The producer commissions of SaskBarley, SaskCanola, SaskFlax, SaskOats, Saskatchewan Pulse Growers and Sask Wheat would like to submit the following comments on the two discussion papers released by the Ministry of Environment on the Saskatchewan Greenhouse Gas (GHG) Offset Program and on Offset Protocol Development.
The commissions believe that farmers have a key role to play in helping the Provincial Government meet its climate change goals. Through zero–till practices,Saskatchewan farmers are sequestering approximately 9 million tonnes of carbon dioxide equivalent per year . However, the current proposal from the Ministry of Environment for Saskatchewan’s Offset Program would not recognize these sequestration efforts, due to additionality requirements and a forty percent adoption rate threshold.
Concepts such as start dates, additionality, and adoption rates are purely policy decisions. The commissions continue to support the position of the Saskatchewan Soil Conservation Association (SSCA) which advocates for the separation of regulations for biological sinks from industrial and point source regulations. This would remove the need for these non–scientific, policy factors and provide farmers with recognition and compensation for the new and incremental carbon sequestered each year from conservation practices such as zero–till and continuous cropping. As it is currently structured, the Saskatchewan Offset Program provides no opportunity for Saskatchewan farmers as early adopters and leaders of zero–till technology.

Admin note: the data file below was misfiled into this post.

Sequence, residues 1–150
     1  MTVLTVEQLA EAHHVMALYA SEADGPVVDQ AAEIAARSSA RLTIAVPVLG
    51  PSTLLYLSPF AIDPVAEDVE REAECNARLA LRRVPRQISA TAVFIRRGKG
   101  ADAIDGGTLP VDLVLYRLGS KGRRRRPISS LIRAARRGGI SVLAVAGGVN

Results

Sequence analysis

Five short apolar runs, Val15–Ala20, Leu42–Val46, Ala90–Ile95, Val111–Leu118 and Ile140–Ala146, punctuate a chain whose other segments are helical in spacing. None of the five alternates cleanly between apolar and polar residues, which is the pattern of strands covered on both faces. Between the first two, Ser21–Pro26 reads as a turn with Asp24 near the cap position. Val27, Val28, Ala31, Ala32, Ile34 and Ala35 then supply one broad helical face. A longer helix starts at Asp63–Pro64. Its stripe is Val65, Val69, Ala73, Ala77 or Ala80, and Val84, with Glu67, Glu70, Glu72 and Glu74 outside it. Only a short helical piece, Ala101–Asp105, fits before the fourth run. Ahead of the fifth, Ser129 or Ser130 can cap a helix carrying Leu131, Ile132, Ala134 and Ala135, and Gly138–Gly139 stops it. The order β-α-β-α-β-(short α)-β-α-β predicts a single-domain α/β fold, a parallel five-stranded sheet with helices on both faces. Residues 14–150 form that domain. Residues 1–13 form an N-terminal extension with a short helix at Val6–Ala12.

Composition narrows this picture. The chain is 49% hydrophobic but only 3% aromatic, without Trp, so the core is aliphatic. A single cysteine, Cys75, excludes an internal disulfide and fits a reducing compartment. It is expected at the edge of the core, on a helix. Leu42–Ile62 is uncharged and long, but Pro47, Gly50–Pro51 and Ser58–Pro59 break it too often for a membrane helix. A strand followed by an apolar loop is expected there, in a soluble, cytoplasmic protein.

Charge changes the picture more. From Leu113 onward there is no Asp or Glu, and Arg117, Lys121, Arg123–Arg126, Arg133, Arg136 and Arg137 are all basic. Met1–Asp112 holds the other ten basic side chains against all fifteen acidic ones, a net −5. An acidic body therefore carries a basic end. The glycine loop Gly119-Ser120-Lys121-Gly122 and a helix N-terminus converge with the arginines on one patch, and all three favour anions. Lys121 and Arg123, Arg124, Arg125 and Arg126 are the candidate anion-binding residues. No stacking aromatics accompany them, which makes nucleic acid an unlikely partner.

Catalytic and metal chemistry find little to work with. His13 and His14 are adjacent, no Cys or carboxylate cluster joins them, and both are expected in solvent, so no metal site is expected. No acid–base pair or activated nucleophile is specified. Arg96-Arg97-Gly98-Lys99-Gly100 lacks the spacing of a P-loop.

At the majority of our 2021 Annual General Meetings, a resolution was passed calling for commissions and associations to work to have Saskatchewan farmers recognized and rewarded for carbon sequestered through continuous cropping and reduced or zero–till practices. This is a major concern for Saskatchewan farmers, and the commission surge the Ministry of Environment to continue working with the Saskatchewan Soil Carbon Sequestration Protocol Working Group to develop a made–in–Saskatchewan offset protocol for the sequestration of carbon in agricultural soils for adoption in the federal and Saskatchewan GHG offset systems.
The commissions acknowledge that the Ministry is planning on developing a protocol related to crop production for implementation in 2022. While we are awaiting further details on the area of focus for this protocol and the timelines, we strongly recommend that the Ministry of Environment engage early in the development of this protocol with farmers to ensure the protocol is practical and will provide value to farmers.
Value and practicality are both important concepts for the Ministry to consider in the development of the Saskatchewan GHG Offset Program regulations. For example, current concepts like a 100–year reporting period to ensure permanence of sequestration projects will severely impact the attractiveness and practicality of participating in an offset program for farmers. A balance needs to be found with a flexible approach that addresses the risk of sequestration reversals while still providing enough value for farmers to participate in the protocol.
Market transparency is another important factor for the Ministry to consider while developing these regulations. To provide the most value to farmers, the offset program needs to include farmer ownership of carbon credits, a registry that allows farmers to bank their credits, an effective price discovery mechanism, and full transparency of basis costs.
We appreciate the opportunity to provide feedback on the discussion papers and look forward to further discussions to develop offsets that recognize and return value to producers for their sequestration efforts.
Matt Enns – Chair, SaskBarley
Chris Rundel – Chair, SaskOats
Bernie McClean – Chair, SaskCanola
Shaun Dyrland – Chair, Saskatchewan Pulse Growers
Greg Sundquist – Chair, SaskFlax
Brett Halstead – Chair, Sask Wheat
 Government of Saskatchewan, 2017. Prairie Resilience: A Made–in–Saskatchewan Climate Change Strategy. Pg. 4.